The signing of the cease-fire agreement between the Government of Angola and the rebel UNITA group in April 2002 opened new areas of access for JRS. JRS Angola began working in Cazombo in September 2002 responding to the desperate situation of the local population and returnees from Zambia. During this time JRS Cazombo worked as a satellite project of JRS Luena. The first interventions were in programmes of food and non-food item distributions with the support of Trocaire/Ireland Aid, Cordaid and Caritas Angola. From January 2003, JRS Cazombo became part of the JRS Repatriation Project for Angolan refugees. At present, JRS continues its work in distributing food and non-food items but is also preparing for the return of refugees from Zambia and other countries and the integration of these people into the local communities. We are currently engaged in the rehabilitation of offices and accommodation for the JRS team at the Mission Sao Bento in Cazombo. JRS remains grateful for the support of Bishop Bilingue and the Diocese of Luena in this undertaking. The Government of Angola has extended an invitation to JRS to engage in rehabilitation of schools in the surrounding areas of Cazombo and engage in teacher formation and upgrading. JRS Cazombo is currently developing proposals to work with youth in peace education and professional formation, land mine awareness and sustainable agriculture programmes. Both local and returning populations will be invited to participate in these projects. The current JRS Cazombo core team comprises two Angolans, and in February they will be joined by a third Angolan who will work as the Project Director. We have articulated a commitment to maintain a balance within the JRS team of local population and returnees; in this way we attempt to provide a positive example of reintegration and reconciliation. The JRS Repatriation Project is also in the process of establishing a head office in Luanda to support JRS Cazombo and subsequent repatriation projects elsewhere in the country.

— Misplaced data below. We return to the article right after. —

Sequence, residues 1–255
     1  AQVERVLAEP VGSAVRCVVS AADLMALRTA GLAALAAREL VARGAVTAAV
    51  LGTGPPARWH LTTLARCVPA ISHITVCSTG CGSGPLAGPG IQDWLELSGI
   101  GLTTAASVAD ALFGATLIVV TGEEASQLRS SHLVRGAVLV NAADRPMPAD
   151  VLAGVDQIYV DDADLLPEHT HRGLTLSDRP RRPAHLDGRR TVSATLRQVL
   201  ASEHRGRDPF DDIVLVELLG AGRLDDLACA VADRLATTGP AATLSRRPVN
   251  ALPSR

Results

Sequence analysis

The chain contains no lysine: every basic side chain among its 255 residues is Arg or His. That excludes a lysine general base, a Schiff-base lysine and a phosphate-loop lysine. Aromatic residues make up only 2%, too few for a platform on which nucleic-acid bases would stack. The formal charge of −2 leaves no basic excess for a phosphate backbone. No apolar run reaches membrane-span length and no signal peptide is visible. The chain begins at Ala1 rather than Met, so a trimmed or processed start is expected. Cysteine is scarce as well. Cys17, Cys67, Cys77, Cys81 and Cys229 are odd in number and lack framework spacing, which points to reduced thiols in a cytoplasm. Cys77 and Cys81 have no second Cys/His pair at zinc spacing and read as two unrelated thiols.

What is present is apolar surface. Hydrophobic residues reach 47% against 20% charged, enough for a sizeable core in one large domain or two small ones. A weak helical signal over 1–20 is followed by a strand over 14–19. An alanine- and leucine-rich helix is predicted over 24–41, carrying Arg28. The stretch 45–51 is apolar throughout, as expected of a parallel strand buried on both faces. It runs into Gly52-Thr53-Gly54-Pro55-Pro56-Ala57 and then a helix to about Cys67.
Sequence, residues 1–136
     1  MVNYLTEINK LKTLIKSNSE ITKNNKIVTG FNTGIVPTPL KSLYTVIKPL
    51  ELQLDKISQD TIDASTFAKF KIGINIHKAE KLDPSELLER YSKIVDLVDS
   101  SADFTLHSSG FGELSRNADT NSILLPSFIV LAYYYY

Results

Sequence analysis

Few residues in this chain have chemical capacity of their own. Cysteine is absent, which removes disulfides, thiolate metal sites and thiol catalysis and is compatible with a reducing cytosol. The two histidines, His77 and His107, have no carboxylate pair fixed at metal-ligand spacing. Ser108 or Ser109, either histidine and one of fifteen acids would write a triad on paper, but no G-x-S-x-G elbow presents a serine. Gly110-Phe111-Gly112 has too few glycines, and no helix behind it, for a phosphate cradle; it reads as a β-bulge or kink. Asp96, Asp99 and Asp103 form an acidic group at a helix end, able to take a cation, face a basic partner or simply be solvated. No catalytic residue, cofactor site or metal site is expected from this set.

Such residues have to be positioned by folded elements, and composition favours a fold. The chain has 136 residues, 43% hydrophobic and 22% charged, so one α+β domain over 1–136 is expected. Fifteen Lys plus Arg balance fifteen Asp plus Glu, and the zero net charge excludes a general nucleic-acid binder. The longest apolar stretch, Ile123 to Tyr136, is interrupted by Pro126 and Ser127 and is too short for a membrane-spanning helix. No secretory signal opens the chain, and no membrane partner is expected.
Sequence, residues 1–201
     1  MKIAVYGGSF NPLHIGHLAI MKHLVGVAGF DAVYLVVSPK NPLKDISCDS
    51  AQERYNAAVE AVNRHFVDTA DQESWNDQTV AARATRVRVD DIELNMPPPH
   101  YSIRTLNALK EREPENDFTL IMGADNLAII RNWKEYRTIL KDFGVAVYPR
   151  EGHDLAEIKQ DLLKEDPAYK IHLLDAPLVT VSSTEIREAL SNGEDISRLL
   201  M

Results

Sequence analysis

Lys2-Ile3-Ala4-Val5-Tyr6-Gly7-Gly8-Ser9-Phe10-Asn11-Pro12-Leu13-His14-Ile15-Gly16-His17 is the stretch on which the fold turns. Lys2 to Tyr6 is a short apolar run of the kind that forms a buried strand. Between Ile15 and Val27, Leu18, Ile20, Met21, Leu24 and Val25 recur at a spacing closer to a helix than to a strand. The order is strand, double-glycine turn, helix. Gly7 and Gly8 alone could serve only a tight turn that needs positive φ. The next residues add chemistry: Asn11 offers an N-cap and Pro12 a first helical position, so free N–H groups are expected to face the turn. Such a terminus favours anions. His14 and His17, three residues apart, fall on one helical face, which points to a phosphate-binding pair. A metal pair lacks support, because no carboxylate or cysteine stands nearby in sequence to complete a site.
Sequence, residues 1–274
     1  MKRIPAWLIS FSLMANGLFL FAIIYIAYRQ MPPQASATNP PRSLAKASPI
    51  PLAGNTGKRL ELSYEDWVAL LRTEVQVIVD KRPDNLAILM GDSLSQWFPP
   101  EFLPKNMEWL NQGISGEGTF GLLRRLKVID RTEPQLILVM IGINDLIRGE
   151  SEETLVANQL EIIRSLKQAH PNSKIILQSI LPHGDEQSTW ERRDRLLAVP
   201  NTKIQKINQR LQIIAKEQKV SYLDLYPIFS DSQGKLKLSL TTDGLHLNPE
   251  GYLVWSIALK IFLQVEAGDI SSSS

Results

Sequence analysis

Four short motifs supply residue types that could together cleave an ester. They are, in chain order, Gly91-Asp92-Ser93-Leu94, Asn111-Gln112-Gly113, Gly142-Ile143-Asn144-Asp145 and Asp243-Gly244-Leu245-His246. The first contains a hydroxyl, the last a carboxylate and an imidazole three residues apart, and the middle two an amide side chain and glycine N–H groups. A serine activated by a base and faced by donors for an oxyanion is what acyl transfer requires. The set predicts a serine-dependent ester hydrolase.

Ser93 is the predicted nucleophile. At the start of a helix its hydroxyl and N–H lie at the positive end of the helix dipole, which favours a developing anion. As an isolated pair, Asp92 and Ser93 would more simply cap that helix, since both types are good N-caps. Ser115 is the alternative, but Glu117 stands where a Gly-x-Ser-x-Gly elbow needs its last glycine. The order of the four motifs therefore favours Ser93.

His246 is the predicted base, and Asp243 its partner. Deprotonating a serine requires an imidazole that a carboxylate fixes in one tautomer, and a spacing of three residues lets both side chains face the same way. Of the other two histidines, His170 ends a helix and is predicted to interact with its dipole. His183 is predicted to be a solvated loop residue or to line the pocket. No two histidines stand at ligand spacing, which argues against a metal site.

In a letter published in the Washington Times on 1 February, JRS USA Director Rick Ryscavage S.J calls on the US Congress to pass the budget level for food aid of $1.2 billion in the President's budget for 2003, as soon as possible, in response to the very serious food crisis in Ethiopia. An estimated 10 to 12 million people are currently at risk of starvation in Ethiopia because of the famine conditions there. The letter praises the actions of the US Senate, which recently passed a bill appropriating $500 million to the crisis, and calls upon the Congress to match that response. "This is the most time-urgent and threatening humanitarian crisis that the international humanitarian community has faced in many years. On behalf of the American people, the Congress must act promptly and generously", reads the letter. JRS in Ethiopia launched an appeal for displacement prevention and relief needs on Christmas day 2002. To find out more about the present food crisis in Ethiopia, including how to make a donation, go to


Presently there are no special education facilities or services being offered to the most vulnerable children with disabilities in the refugee camps in Tanzania. In light of this gap, JRS pre-schools in Lukole camp, Ngara, will start a new project which will welcome and provide basic education services to children under the age of 12 with disabilities, especially those with mental and severe disabilities. The special schooling aims to help the students in their personal development and to increase their own capacity to cope with their environment, giving them a chance to integrate into their communities. The project will be up and running at the beginning of May 2003 and the educators' training has already commenced.


The JRS Urban programme in Kampala has registered a big increase in the number of asylum seekers, the majority of whom are women and their children. Another new trend is the flow of refugees from Burundi and Sudan coming from the government held areas, Juba and Khartoum. Unfortunately the heavy rains in December caused flooding in Kampala and the refugees and asylum seekers living in areas such as Mengo and Kisenyi were badly affected.